Communicating Values In Word & Deed

“Identifying and applying ethical values is an important step to creating a highly moral climate.” (Johnson, 2012, p. 334) 

Values are so important because they are a part of the organization’s core ideology—the “central identity or character” of the organization (p. 334).  While many aspects of the organization are often changing and growing, the values should remain the same and serve as an ethical compass for the organization by guiding employee behavior. 

As leaders, we set the tone for our employee’s behavior.  “Leaders are the ethics officers of their organizations, casting light or shadow in large part through the example they set” (Johnson, 2012, p. 318).  Essentially, leaders need to serve as ethical role models to their followers by embodying the organizational values through word and deed. 

As was previously discussed in our blog post about Character, the second C of leadership, leaders must be “clear about their personal values and beliefs…[and] keep people and projects on course by behaving consistently with these values and setting an example for how they expect others to act (Kouzes & Posner, 2006, p. 3).  Nothing undermines an organization’s values quicker than a hypocritical leader.  If I claim that “teamwork” is one of our values, but I regularly take all of the credit and blame others for my mistakes, others will quickly recognize that my true value is “self-serving.”

In contrast, leaders should embody the organizational values in such a way that by following in their example, their employees should also act with the organization’s values in mind.  Successful implementation of ethical values means employees “learn to govern their own behavior by following these same principles” (Johnson, 2012, p. 329).

While walking the talk in this way is incredibly important, it is surprisingly not enough in this instance.  Leaders must also talk the talk.  Words without action may be meaningless, but action without words can easily be overlooked in the busy, sometimes hectic, marketplace.  Therefore, as the ethics officers for their organizations, leaders must continually communicate the organization’s values to their employees.  This involves: (a) discussing the values with one’s team so everyone is clear on what they are and what they mean; (b) highlighting how new initiatives and goals reflect the organization’s values; (c) linking performance reviews to the values; and (d) mentioning them in everyday conversations.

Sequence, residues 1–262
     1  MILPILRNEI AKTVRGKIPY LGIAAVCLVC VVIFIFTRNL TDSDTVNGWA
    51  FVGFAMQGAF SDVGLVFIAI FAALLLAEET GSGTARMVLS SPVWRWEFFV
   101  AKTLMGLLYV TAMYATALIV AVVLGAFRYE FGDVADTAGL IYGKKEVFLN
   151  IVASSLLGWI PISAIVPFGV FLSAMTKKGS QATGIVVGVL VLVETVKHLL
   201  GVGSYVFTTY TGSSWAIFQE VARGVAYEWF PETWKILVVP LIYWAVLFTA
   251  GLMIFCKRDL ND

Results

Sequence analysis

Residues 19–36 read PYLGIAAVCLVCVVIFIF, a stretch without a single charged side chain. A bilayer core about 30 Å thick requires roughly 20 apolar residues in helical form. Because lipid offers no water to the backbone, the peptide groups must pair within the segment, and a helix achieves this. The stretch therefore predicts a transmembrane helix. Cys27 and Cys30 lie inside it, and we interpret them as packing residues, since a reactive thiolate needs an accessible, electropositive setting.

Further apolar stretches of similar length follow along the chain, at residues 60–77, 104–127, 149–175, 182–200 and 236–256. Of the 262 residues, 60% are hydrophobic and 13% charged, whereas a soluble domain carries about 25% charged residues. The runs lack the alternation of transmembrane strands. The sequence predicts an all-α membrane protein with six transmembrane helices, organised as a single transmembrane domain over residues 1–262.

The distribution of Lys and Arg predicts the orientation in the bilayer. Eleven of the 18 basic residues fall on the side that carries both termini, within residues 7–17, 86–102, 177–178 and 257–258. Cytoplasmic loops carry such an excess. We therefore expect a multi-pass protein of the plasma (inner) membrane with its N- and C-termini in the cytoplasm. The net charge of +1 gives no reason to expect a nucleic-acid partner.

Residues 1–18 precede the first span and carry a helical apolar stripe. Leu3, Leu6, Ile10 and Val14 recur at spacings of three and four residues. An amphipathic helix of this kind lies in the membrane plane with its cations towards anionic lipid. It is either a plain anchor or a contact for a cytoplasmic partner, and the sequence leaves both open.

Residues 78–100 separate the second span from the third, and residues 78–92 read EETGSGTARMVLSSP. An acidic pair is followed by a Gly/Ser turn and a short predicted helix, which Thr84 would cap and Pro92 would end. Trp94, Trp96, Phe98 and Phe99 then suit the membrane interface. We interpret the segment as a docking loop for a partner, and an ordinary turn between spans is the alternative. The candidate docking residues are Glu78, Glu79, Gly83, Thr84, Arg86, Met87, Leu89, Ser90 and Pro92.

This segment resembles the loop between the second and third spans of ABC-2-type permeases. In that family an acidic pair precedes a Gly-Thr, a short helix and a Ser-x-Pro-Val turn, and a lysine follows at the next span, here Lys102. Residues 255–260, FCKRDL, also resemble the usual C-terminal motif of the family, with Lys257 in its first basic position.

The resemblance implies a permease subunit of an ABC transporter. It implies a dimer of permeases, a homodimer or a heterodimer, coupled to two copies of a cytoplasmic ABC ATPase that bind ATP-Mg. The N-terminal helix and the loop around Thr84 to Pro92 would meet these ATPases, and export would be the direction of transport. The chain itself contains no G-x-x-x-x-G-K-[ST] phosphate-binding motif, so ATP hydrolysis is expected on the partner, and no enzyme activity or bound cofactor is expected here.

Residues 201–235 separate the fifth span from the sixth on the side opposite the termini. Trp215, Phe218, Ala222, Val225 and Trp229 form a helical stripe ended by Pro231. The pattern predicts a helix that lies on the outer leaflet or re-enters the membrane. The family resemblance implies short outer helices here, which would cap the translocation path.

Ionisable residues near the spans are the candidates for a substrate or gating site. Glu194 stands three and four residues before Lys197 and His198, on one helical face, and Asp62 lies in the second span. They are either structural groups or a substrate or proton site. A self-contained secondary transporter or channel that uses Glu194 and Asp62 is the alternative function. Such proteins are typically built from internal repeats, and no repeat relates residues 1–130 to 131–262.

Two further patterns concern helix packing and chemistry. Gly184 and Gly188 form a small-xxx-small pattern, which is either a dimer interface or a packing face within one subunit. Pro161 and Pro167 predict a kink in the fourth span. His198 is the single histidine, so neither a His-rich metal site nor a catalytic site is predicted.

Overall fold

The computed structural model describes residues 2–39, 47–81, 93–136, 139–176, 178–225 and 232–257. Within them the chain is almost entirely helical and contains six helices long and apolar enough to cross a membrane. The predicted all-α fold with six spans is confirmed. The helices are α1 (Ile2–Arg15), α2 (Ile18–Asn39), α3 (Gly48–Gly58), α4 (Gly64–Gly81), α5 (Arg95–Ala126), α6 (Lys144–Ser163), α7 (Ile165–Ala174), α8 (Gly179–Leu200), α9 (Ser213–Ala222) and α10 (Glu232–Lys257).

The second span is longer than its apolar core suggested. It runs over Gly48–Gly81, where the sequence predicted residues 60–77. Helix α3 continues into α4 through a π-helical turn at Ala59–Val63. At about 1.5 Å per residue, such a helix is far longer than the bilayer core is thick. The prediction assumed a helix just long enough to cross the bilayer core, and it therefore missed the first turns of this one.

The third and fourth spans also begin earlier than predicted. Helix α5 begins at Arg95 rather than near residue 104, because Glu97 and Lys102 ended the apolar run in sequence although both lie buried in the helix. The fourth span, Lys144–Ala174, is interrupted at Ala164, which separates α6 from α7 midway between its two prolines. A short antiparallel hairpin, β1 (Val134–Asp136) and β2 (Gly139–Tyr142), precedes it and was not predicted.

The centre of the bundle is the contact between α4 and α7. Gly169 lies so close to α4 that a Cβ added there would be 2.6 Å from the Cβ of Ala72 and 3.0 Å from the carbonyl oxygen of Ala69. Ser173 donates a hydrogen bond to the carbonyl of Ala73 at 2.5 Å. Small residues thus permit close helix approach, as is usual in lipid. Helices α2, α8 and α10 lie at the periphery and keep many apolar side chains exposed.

For example, if one your organizational values is “innovation,” you could introduce the implementation of a new sales software system as such, “As part of our dedication to thinking outside the box and trying new things to propel us forward, we will be implementing a new software system to help us keep track of our sales records.  As we implement the program, please let us know what works, what is challenging, and any solutions or ideas you have for even better application and implementation.”  Doing so explains the decision to use the new software in light of the organization’s value around innovation and also invites the employees to engage in innovation by suggesting new and better ways to use the program.

Overall, what is most important to note is that communicating the values cannot be once and done.  They cannot be mentioned one time and then be hung on the wall to die.  Instead, communication must be on-going.  Employees need to be reminded of the importance of organizational values and their ethical responsibilities through the leader’s words and actions on a consistent basis.

References:

  • Johnson, C.E. (2012). Meeting the ethical challenges of leadership: Casting light or shadow (4th ed.). Thousand Oaks, CA: Sage.
  • Kouzes, J. & Posner, B. (2003). Student leadership practices inventory.  San Francisco: Jossey-Bass Publishers.

Courage – The Sixth C of Leadership

The sixth C, Courage, refers to the leader’s willingness to seize opportunities despite the inherent risk and uncertainties.  It is easy to have an idea.  Many people are quick to point out problems, and even speculate about solutions.  What sets leaders apart is that they have the courage to act on those ideas and implement those solutions.  It should be emphasized that courage is not about fearlessness.  It is about being afraid and moving forward anyway.  It is about pursuing a passion – a purpose – that is greater than one’s fear.

Leaders influence change toward a common vision.  Change can be inherently difficult, and sometimes frightening.  It involves leaving the realm of “what is” for “what could be.”  This is risky and requires courage.  Why are leaders willing to take this risk?  They do so because the best leaders understand that failure, while it hurts in the moment, is a passing thing.  Regret is not.  The regret that comes from not trying – from missed opportunities – can last a lifetime.  So, even more than failure, leaders fear regret.  They understand the adage, “You may be disappointed if you fail, but you are doomed if you don’t try.”

Leadership experts, Kouzes and Posner (2006) refer to this willingness to take risks as “Challenge the Process” and describe it as “searching for opportunities by seeking innovative ways to change, grow, and improve” and “experimenting and taking risks” (p. 5).  What is known is usually safe; the unknown is often risky.  That is why one of the main ways leaders can encourage others is by creating a safe space for team members to take risks.  Leaders can do this in two primary ways: (1) providing help and support to an individual taking a risk and/or trying to achieve a goal; and (2) treating failures as learning opportunities.